This international conference is co-sponsored by the American Psychological Association, National Institute for Occupational Safety and Health, Society for Occupational Health Psychology, and the University of Puerto Rico.  It is a terrific, interesting multi-disciplinary conference, useful to researchers, professors, and practitioners alike.

Here’s the conference website, with instructions and deadline info for submitting proposals: http://www.apa.org/pi/work/wsh.html.

“Transforming Research: Evidence and Practice” — 7th International Conference on Workplace Bullying and Harassment — June 2-4, 2010 — University of Glamorgan, Cardiff, Wales, United Kingdom.

This biennial conference is the world’s leading gathering of researchers, academicians, practitioners, and students interested in workplace bullying.  If my experience is at all representative, your head will be spinning with ideas and reactions to the speakers, panels, and poster sessions.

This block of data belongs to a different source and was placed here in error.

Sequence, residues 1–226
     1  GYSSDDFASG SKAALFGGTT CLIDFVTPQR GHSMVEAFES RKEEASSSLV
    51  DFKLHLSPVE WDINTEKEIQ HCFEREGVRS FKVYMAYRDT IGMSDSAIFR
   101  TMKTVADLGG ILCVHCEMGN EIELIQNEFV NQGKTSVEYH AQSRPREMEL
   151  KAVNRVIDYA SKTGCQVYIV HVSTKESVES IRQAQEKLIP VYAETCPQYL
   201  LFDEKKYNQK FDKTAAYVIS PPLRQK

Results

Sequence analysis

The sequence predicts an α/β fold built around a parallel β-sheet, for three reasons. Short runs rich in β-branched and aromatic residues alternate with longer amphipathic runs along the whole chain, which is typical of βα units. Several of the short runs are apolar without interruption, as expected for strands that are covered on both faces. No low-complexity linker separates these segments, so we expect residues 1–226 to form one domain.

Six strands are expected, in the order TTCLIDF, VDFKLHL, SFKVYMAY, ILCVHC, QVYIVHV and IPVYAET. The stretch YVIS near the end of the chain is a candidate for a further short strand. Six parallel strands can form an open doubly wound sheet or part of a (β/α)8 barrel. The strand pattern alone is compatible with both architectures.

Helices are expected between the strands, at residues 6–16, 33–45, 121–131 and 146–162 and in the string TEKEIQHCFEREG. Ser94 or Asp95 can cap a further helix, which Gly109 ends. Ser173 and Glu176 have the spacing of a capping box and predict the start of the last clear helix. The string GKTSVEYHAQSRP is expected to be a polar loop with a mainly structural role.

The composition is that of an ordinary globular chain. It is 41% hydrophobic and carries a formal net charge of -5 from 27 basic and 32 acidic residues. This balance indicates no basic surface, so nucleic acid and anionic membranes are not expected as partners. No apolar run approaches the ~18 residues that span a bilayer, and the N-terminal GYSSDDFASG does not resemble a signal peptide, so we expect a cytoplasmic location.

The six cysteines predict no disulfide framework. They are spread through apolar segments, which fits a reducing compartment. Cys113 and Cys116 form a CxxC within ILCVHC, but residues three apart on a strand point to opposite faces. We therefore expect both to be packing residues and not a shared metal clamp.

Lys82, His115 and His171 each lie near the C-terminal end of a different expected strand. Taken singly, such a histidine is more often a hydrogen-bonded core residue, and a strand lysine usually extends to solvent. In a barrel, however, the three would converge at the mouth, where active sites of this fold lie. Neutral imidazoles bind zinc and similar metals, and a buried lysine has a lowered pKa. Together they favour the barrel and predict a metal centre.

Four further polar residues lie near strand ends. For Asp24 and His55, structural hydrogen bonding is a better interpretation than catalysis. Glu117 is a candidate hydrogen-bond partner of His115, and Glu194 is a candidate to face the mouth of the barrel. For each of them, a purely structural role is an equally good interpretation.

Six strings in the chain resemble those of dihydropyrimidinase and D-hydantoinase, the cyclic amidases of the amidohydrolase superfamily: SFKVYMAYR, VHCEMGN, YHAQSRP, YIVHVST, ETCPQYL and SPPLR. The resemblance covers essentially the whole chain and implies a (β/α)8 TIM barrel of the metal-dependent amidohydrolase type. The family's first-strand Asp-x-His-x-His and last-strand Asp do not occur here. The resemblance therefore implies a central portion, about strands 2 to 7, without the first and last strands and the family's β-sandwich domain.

Here’s the conference website, with instructions and deadline info for submitting proposals: http://www.bullying2010.com/.

In December I posted an essay containing my reflections on the 2008 International Conference in Montreal: https://newworkplace.wordpress.com/2009/01/01/immersion-in-the-twisted-world-of-abuse-at-work/

Workplace bullying and mobbing in academe: The hell of heaven?

(Image courtesy of classroomclipart.com)